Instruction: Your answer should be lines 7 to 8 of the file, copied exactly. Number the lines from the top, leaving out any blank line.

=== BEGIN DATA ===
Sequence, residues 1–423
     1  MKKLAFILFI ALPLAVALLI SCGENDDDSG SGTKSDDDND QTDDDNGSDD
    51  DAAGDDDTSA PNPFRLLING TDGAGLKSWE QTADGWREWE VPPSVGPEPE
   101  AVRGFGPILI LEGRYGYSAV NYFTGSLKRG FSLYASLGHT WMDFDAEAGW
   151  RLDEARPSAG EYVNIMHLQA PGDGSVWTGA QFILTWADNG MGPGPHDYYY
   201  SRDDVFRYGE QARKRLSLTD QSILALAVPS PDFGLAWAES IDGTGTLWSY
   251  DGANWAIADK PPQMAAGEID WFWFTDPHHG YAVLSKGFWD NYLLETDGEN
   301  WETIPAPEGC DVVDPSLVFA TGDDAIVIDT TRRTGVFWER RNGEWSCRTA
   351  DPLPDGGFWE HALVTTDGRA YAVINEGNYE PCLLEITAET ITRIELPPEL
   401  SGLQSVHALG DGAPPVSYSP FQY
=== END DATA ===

   251  DGANWAIADK PPQMAAGEID WFWFTDPHHG YAVLSKGFWD NYLLETDGEN
   301  WETIPAPEGC DVVDPSLVFA TGDDAIVIDT TRRTGVFWER RNGEWSCRTA